Hogan Lovells

[co-author: Zachary Forrai]

On 29 July 2021, the Federal Court of Australia (the “Court”) handed down its largest ever pecuniary penalty for serious, sustained and knowing contravention of the Therapeutic Goods Act 1989 (Cth) (“TG Act”). The decision highlights the enforcement capabilities of the Therapeutic Goods Administration (“TGA”) and the willingness of the Court to penalise wrongdoers. Importantly, penalties apply for each day non-compliant material remains on a website. Directors and senior managers may also be liable for any contravening conduct.


In February 2021, following proceedings commenced by the Department of Health in March 2020, the Court found that between March 2019 and March 2020 (“relevant period”) Evolution Supplements Australia Pty Ltd ("Evolution”) and its sole director, Mr Keskin, breached the TG Act for unlawful advertising of various unregistered therapeutic goods, including Selective Androgen Receptor Modulators.[1]

Evolution maintained a website which advertised a total of 97 unregistered therapeutic goods during the relevant period. Additionally, 70 of the advertisements referred to schedule 4 prescription only substances (which are prohibited from being advertised to consumers) and were promoted on its ‘after hours’ website (between 8pm and 4am).

Mr Keskin was, during the period of the contravening advertisements (January 2019 to March 2020), a person responsible for and who took part in the management of Evolution as its sole director. Mr Keskin failed to comply with a direction made by the TGA and failed to cause Evolution to cease advertising therapeutic goods on its website.

On this basis, the Court ordered that Evolution and Mr Keskin be restrained from engaging in consumer advertising for prescription only substances or therapeutic goods that are not entered on the Australian Register of Therapeutic Goods (“ARTG”) for a period of 5 years. Further, the Court ordered Evolution and Mr Keskin pay for the costs of the proceedings.

Determination of the penalty

On 29 July 2021, the Court handed down the penalty for Evolution and Mr Keskin’s contravention of the TG Act. The Court balanced the nature and extent of the contraventions, maximum penalties available under the TG Act and considerations in respect of deterrence of future similar actions.

In particular, the Court considered ten key factors in assessing the appropriate penalty:

  1. the nature of the seriousness of the breaches in the failure to register on the ARTG;
  2. the conduct of Evolution and Mr Keskin severely undermined the operation of the TG Act and controls granted to the TGA therein;
  3. the danger that substances posed to human health and safety, having particular regard to the framework in the Poison Standards;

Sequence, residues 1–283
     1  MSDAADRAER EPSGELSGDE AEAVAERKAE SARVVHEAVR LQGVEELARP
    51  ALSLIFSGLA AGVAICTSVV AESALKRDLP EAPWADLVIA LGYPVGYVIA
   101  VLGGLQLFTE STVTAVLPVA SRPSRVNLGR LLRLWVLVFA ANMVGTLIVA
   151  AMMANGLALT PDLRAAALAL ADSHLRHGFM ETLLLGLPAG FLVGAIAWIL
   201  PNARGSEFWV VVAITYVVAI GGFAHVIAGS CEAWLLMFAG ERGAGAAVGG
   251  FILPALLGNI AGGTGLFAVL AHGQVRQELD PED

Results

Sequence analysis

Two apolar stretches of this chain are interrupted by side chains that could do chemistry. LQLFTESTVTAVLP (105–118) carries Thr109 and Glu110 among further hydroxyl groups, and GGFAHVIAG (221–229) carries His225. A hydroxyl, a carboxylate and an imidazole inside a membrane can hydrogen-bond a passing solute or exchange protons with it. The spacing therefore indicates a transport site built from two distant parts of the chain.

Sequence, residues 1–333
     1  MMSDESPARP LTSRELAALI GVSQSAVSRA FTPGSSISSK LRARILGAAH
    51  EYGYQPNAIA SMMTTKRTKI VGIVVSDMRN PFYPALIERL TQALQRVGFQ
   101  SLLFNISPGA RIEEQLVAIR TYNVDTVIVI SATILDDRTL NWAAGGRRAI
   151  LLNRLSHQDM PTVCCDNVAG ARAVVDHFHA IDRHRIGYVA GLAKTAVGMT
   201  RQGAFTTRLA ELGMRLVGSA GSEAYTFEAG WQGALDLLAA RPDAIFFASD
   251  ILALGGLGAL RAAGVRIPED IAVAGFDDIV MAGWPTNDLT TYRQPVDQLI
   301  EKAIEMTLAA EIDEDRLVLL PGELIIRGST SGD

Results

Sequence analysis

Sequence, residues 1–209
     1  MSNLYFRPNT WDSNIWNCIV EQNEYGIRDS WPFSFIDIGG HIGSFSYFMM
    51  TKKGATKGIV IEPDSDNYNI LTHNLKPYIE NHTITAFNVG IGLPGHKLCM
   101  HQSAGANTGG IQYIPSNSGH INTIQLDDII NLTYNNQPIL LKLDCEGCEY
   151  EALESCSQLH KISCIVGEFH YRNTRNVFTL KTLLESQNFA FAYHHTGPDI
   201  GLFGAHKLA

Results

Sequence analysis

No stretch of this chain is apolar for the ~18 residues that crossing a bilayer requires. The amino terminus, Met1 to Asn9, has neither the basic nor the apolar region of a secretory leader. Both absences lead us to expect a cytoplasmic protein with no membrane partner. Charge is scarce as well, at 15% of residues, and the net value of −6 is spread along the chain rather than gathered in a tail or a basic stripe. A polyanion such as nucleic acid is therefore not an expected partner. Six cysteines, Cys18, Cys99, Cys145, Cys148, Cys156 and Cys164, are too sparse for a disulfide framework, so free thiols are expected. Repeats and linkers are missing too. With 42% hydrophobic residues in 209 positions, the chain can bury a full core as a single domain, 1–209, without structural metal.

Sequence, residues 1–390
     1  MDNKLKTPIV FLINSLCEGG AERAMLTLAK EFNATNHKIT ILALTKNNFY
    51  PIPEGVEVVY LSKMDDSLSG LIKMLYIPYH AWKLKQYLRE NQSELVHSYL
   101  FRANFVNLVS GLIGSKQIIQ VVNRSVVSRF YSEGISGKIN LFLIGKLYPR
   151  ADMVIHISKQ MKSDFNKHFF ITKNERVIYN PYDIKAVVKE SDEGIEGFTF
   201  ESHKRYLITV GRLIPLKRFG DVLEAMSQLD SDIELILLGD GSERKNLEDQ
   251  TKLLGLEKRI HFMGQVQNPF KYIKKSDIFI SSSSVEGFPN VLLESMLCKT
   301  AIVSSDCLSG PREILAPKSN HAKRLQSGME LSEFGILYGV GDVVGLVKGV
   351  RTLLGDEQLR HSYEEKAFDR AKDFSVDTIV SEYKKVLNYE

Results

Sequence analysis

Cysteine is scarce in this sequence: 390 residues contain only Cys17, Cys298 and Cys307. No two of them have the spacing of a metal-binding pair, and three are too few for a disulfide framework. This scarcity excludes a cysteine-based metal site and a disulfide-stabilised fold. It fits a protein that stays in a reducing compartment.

4. the contraventions were done purposefully as part of a desired marketing strategy;
  5. the introduction of after hour operations to avoid TGA monitoring having received notification from the TGA to cease operations;
  6. the disregard of requests to address concerns regarding advertising raised by the TGA on numerous occasions;
  7. minimal cooperation by the respondents during the course of proceedings before the Court;
  8. the conduct of Evolution advertising the products for the purpose of advancing its own economic interests, and in doing so prioritised those interests above public safety;
  9. the fact that Evolution and Mr Keskin had not previously engaged in similar conduct; and
  10. that Evolution was subject to a stayed Notice of Proposed Deregistration from the Australian Securities and Investments Commission pending the findings of these proceedings, meaning a deterrence penalty would be of little influence to Evolution.

Ongoing offence provisions

Notably, the TGA submitted that each day on which an advertisement containing the contravening material remained on the website amounted to a separate contravention of the TG Act. Further, the TGA submitted that the number of days for which an advertisement was published should be inferred from the first date on which it appears in the evidence to the last date on which it appears in the evidence. These propositions were accepted by the Court.

However, in doing so, the maximum penalties in this case would exceed a staggering A$137 billion for Evolution (based on 13,103 contraventions) and over A$795 million for Mr Keskin (based on 758 contraventions).

For obvious reasons, a penalty of this magnitude would be of little benefit as neither respondent would be able to comply with the obligations to satisfy the amount owing.


Ultimately, the Court ordered:

  • Evolution to pay to the Commonwealth of Australia a pecuniary penalty in the sum of A$11,000,000;
  • Mr Keskin to pay to the Commonwealth of Australia a pecuniary penalty in the sum of A$1,000,000; and
  • Evolution and Mr Keskin to pay the TGA’s costs of the proceedings.


This case highlights the serious consequences for failing to comply with directions issued by the TGA with respect to non-compliant advertising. Importantly, penalties apply for each day non-compliant material remains on a website. Directors and senior officers should also be mindful of their advertising obligations and respond promptly to any notices issued by the TGA.

[1] Secretary, Department of Health v Evolution Supplements Australia Pty Ltd [2021] FCA 74.

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